Re: Trimming a hollow door

On Thu, 14 Aug 2003 17:32:15 GMT, "Doug Kanter"

screw closest to the stop.] replace them with the 3" screws and tighten them till the door pulls slightly. repeat on each hinge then check to see how far it has moved. a little goes a long way. this way you dont get stuck replacing the landlords door! also you make no mess at all. skeez
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On Thu, 14 Aug 2003 17:54:55 GMT, "Doug Kanter"

I found that my Indian plane (a $10 Harbor Freight special from 18+ years ago) sharpened up well and works fine for those special situations such as this. I keep the beater for paint removal and my real planes touch only bare wood.
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    Others have warned about using a circular saw, but I fail to see the problem. I have done this numerous times with a circular saw.
    You must use a straight edge to guide the saw. You must have a very sharp blade. You must have reasonable confidence, skill, and experience with your saw. This takes a steady hand.
    You would also be wise to put a strip of masking tape on both sides of the door and cut through it. This will prevent splintering. Burnish it down well enough to stick but not so well it lifts paint. You can also use this tape to mark where the hinges go, but this should be obvious since no matter how much you cut, you will have the screw holes to guide you.
    Good luck.
            Peter
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This works wonderfully! I have (2), one for each of my circ. saws. Just a hint on making one - - you do NOT have to find a table saw! For the straight edge of the "guide ripper" they talk about, use the "factory edge" of a piece of plywood. You're not going to cut anything straighter than this yourself, and it won't bend, twist, or warp from changing humidity as a piece of plain wood might. My .02 Nahmie
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Norman D. Crow wrote:

When I want to make a lot of shelves that are the same depth, I make a sawboard that is wide enough so that I can put a cleat on the bottom of the sawboard. Then I hook the cleat on the end of the 4x8 sheet, cut a shelf, move it forward, cut another shelf, all with no measuring. No measuring eliminates a lot of misteaks.
Rico
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<...snipped...>

May not apply in your case, but one "murphy" I've run into with hollow core doors and older buildings is oddball door opening sizes, requiring too much trimming of the door stiles (I guess it's not really a stile on a HC door, but I mean the upright piece of wood at the edge of the door) to the point of them being so thin they won't hold the hinge screws. When that happens it is 'sometimes' possible to remove the piece, cut out some of the "honeycomb" or whatever is used inside the door, and install a new, thicker, piece.
--

Larry Wasserman Baltimore, Maryland
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Having run into this situation on occassion I have either: built myself a custom sized, insulated door (but plain, e.g. for the basement entry), or trimmed down a solid chunk of lumber as a replacement for the framing I sawed out (or thinned too far). So far, both solutions haven't presented a problem over a few years passing.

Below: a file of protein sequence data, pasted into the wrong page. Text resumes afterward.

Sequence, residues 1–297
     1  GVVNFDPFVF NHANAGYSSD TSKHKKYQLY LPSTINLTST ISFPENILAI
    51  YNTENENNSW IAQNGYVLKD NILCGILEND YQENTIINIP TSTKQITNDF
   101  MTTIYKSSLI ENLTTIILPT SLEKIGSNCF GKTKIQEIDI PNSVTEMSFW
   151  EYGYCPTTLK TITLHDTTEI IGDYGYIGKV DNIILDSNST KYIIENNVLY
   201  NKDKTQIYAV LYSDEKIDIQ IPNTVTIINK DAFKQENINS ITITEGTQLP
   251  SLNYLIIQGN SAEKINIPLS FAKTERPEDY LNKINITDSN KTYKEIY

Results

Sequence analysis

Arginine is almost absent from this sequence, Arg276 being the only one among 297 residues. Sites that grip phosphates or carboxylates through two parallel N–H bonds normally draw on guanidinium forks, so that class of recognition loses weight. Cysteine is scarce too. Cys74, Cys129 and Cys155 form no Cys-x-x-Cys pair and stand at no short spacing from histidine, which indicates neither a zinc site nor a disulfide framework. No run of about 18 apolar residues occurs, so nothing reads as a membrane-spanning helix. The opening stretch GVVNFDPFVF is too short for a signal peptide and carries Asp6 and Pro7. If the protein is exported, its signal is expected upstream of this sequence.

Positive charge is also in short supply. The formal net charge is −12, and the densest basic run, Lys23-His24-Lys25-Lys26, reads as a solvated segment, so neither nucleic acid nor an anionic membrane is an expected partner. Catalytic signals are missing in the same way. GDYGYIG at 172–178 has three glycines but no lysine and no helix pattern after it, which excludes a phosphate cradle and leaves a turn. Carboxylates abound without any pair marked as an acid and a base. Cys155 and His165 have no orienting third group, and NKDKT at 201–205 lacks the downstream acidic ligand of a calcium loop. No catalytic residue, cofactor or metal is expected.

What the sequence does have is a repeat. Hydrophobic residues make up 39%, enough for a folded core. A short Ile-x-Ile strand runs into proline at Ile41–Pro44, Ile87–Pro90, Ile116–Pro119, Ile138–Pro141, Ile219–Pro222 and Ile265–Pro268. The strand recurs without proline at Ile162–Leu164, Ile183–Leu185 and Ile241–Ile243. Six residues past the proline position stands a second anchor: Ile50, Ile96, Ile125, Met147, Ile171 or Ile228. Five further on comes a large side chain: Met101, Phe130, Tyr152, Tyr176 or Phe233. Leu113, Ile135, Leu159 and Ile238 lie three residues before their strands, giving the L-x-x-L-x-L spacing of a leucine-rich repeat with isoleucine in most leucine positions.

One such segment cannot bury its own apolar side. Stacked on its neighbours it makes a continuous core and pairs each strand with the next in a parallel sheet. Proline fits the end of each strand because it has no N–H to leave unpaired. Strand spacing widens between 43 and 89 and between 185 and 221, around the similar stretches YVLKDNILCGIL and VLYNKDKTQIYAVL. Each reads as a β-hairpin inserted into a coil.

Renata
On Tue, 19 Aug 2003 15:22:56 GMT, snipped-for-privacy@fellspt.charm.net (Lawrence Wasserman) wrote:

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Better be carefull doing anything to the door as you may wind up buying a new one as the landlord will charge you as you must leave it the condition you rented or leased. It has to be a he had it.
Damage depost will be paying for a new door.
Check with your landlord first
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DO NOT CUT THE DOOR !!!!!!! I did one time and it splintered to heck and back. Sand it. As a thought , you could run a bar of soap on it or wax on the spot where it is binding or try Slippit-that stuff works great. Now since that didn't work, get or borrow a belt sander. It is MUCH quieter. Good luck. Hey, maybe you would appreciate this . Get an old fashioned hand plane. Quiet, smooth, etc..
On Thu, 14 Aug 2003 17:32:15 GMT, "Doug Kanter"

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The one time I cut a door, it went fine. There were a few splinters, but nothing serious; and I think tape would have eliminated those.
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I like the hand plane idea. Although I rarely have use for one, they look like such nice, simple tools that I ought to add one to the rest of my collection of tools I only use once every 3 years. :-)
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I second the motion on not cutting a hollow core door-- they're mostly Kleenex held together with splinters and paint. The plane is a poor tool for cutting through paint, etc. If the door "frame" is of the same construction quality as the door itself, you may be able to drive the latch-striker trim far enough to eliminate the problem. Use a hammer and a piece of junk wood to preserve the trim.
I've been replacing the junkwood door frames in our condo. They're held together with staples and have no structural strength whatsoever. -- Ernie
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